MYTH: You don’t need to worry about STDs unless you have sex with a lot of partners.
FACT: STDs are a risk to anyone who engages in sexual activity—even with only one partner one time. If you have sex just once, whether vaginal, oral, or anal, you can still get an STD from an infected partner.
excellent icebreaking activity to start discussions about STDs.
MYTH: You can’t get an STD while having sex in a shower, bath, or pool.
FACT: Any sexual contact with an infected person puts you at risk for STDs. STDs are transmitted by sexual contact through vaginal, oral, or anal sex and intimate skin-to-skin contact. Any exposure to genitalia or body fluids puts you at risk, whether you are in the water or not.
MYTH: You can’t get an STD from giving or receiving oral sex.
FACT: Many STDs can and do get transmitted by giving or receiving oral sex. STDs such as gonorrhea, syphilis, herpes, and HPV can be spread by oral sex. Infections can occur in the throat and sometimes on the lips or in the mouth as well as in the genital area. For example, HPV transmitted to the mouth through oral sex can lead to warts in the throat as well as to head and neck cancers, while HPV infection in the genital area can cause genital warts and cancers of the cervix, vagina, penis, and anus.
awareness and teach the facts about oral sex and STDs.
MYTH: You would know if you had an STD, even without being tested.
FACT: Most people with an STD don’t know they are infected because STDs often don’t have any symptoms. Just because you aren’t showing any symptoms at a particular time doesn’t mean that you aren’t infected. The only way to know for certain whether you have an STD is to get tested by a healthcare professional.
MYTH: You would be able to tell if someone else had an STD.
FACT: Again, many STDs have no signs or symptoms. Just because you can’t see sores, blisters, or rashes on a partner doesn’t mean he or she isn’t infected with an STD. In many cases, symptoms appear only when an STD has reached an advanced stage.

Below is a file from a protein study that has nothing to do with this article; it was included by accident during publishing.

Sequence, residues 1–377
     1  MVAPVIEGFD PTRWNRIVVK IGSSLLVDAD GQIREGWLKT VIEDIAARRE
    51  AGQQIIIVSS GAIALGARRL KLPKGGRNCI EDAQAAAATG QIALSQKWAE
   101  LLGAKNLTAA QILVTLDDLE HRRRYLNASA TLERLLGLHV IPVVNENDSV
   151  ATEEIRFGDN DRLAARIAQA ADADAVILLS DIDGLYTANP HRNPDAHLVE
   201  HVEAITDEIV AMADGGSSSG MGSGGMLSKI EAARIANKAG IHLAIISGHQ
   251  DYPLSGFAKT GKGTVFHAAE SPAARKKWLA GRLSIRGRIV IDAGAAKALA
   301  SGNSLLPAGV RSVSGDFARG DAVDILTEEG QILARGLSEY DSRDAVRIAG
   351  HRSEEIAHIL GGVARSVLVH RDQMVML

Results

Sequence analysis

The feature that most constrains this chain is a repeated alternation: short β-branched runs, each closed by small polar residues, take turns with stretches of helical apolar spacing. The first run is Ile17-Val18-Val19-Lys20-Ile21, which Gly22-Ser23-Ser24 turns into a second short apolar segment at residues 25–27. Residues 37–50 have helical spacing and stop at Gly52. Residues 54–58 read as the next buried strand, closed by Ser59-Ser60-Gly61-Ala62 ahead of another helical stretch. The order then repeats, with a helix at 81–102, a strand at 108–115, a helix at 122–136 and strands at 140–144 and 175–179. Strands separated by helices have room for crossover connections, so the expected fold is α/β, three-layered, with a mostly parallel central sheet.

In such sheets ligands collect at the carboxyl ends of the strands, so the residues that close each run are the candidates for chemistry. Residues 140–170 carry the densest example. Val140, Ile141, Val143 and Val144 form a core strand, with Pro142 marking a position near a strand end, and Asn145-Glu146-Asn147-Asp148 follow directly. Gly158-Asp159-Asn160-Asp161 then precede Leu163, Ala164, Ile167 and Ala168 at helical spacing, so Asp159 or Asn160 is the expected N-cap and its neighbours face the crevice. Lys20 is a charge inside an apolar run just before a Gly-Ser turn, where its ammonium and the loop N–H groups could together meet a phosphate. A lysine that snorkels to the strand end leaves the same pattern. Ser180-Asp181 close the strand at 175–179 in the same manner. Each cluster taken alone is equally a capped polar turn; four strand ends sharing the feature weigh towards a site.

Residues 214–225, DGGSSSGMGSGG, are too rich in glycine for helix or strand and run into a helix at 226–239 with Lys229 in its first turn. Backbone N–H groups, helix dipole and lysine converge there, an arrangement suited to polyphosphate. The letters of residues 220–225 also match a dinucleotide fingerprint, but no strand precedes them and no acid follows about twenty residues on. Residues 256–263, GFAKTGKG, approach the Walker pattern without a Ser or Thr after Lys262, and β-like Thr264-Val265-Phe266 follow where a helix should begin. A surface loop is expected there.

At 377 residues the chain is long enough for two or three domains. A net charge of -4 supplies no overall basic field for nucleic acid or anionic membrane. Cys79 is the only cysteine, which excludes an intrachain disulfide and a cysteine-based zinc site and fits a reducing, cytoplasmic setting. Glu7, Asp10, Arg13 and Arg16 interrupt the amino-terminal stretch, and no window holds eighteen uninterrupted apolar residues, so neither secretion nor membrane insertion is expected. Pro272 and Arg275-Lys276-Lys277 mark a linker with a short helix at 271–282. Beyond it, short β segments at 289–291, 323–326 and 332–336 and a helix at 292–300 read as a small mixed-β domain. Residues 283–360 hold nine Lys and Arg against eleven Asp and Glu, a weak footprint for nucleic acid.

Dangers of Sexually Transmitted Diseases
Many STDs are curable, and all are treatable. Without treatment, STDs can have serious consequences, ranging from infertility and liver disease to certain forms of cancer, infant harms, and even death.
models to highlight the serious health effects of STDs.
The only certain way to avoid STDs is to practice abstinence, including contact with genitalia and exchange of body fluids. Using condoms, limiting your number of sexual partners, and avoiding substance abuse can help reduce the risk for contracting an STD.
Health Edco’s STD Education Resources
Health Edco’s line of sex education teaching tools and materials includes resources that are great for classroom activities and demonstrations, health fairs, and more. Our male condom training models and female contraceptive models are perfect for demonstrating proper use of male and female condoms to help protect against STD transmission. In addition to our STD Roulette Game featured above, our Wheel of Choices Game and Sex & Consequences Game are both ideal for teaching young people the facts about STDs.
To discover our diverse line of STD education resources, please visit our Sex Education Materials and Teaching Resources Section.